State: Bavaria (Duchy) Denomination: Pfennig Mint Period: 1290-1312 Mint Place: Regensbutg References: Emmerig 246. Condition: Lightly chipped edge, otherwise VF+ Diameter: 16mm Weight: 0.64gm Material: Silver
Obverse: Bust of Duke behind castle-wall with waves (river?) below. Initials (H-O) at sides.
Reverse: Blank or crudely struck
Otto III (11 February 1261 – 9 November 1312), a member of the Wittelsbach dynasty, was the Duke of Lower Bavaria from 1290 to 1312 and the King of Hungary and Croatiabetween 1305 and 1307. His reign in Hungary was disputed by Charles Robert of the Angevin dynasty.
Otto was born in Burghausen, the son of Henry XIII, Duke of Bavaria, and Elizabeth of Hungary.
Otto succeeded his father in 1290 as duke of Lower Bavaria, together with his younger brothers, Louis III and Stephen I. He was in opposition to Habsburg and tried to regain Styria which Bavaria had lost in 1180. Otto supported Adolf, King of Germany against Habsburg and fought on his side in the Battle of Göllheim. The Hungarian crown was offered to Otto, a grandson of Béla IV of Hungary, in 1301 but he did not accept before 1305.
In August 1305, his opponent, Wenceslaus III of Bohemia, who had inherited Bohemia from his father, renounced his claim to Hungary on behalf of Otto III. Since the Habsburg Albert I of Germany was blocking the way through Austria, Otto disguised himself as a merchant, and reached Buda in November 1305.
He was then crowned with the Holy Crown of Hungary in Székesfehérvár by the Bishops of Veszprém and Csanád on 6 December. He named himself Béla V after his grandfather. However, Otto was not able to strengthen his rule. In the course of 1306, Otto's second opponent Charles of Anjou occupied Esztergom, Szepes Castle, Zólyom and some other fortresses in the northern parts of the kingdom, and in the next year he also occupied Buda. In June 1307, Duke Otto III visited the powerful Voivode of Transylvania, Ladislaus Kán, but the latter imprisoned him. On 10 October 1307, the magnates presented at the assembly in Rákos proclaimed Charles king, but the most powerful aristocrats (Matthew III Csák, Amadé Aba and Ladislaus Kán) ignored him as well. At the end of the year, Ladislaus Kán set Otto free who then left the country, but the Voivode of Transylvania still denied to hand over the Holy Crown of Hungary to Charles, whose legitimacy could be questioned without the coronation with the Holy Crown.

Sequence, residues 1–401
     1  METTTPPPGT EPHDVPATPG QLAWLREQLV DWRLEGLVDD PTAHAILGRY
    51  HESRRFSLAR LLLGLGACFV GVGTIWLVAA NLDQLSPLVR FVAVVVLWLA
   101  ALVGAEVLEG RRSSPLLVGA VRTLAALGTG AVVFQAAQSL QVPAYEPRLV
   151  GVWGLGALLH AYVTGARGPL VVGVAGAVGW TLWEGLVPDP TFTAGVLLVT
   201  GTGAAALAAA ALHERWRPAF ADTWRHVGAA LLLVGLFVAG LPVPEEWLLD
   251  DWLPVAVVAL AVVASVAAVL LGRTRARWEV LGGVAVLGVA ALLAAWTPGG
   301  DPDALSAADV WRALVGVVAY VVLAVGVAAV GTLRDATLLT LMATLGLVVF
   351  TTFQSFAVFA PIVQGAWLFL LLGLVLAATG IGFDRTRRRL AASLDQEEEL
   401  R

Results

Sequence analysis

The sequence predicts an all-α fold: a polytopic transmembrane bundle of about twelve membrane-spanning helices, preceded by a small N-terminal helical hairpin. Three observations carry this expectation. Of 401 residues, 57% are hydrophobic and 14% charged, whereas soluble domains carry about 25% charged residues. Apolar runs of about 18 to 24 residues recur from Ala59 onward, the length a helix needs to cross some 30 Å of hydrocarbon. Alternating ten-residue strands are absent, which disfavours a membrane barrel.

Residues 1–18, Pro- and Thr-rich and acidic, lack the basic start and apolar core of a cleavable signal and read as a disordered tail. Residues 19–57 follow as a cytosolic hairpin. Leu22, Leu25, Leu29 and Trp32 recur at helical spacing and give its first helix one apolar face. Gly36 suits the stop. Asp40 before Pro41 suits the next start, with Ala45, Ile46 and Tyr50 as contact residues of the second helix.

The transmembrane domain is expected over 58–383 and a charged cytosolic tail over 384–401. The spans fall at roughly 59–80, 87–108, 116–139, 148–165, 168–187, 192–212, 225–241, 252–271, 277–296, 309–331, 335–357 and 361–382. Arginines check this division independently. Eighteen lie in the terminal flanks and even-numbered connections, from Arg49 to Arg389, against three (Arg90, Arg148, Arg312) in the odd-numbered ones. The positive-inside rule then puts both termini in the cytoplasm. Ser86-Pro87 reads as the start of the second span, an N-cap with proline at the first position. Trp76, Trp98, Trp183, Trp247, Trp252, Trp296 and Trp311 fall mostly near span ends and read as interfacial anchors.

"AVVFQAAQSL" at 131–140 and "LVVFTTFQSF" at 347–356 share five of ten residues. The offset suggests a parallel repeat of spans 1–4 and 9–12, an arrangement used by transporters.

Otto abdicated the Hungarian throne in 1308. Otto's involvement in Austrian and Hungarian affairs weakened his position in Bavaria and finally led to failure due to financial problems. In Hungarian historiography he is noted as an anti-king during the interregnumof 1301–1310.
During his presence in Hungary 1305–1308 Lower Bavaria was ruled by his brother Stephen I. In 1310 a new war against Habsburg devastated Burghausen. Otto died in 1312 and was succeeded in Lower Bavaria by his son Henry XV, who shared power with his cousins, Henry XIV and Otto IV, both sons of Stephen I. John I, a son of Henry XIV, was the last duke of Lower Bavaria before Louis IV, Holy Roman Emperor inherited the country and reunited the duchy in 1340.
In January, 1279, Otto married Catherine, a daughter of Rudolph I of Germany and Gertrude of Hohenburg. Their twins, Henry and Rudolph, were born in 1280 and died the same year.
Catharine died on 4 April 1282. Otto remained a widower for twenty-three years. On 18 May 1309, Otto married his second wife Agnes of Glogau. She was a daughter of Henry III, Duke of Silesia-Glogau, and Matilda of Brunswick-Lüneburg. They had two children:
Otto died in Landshut.
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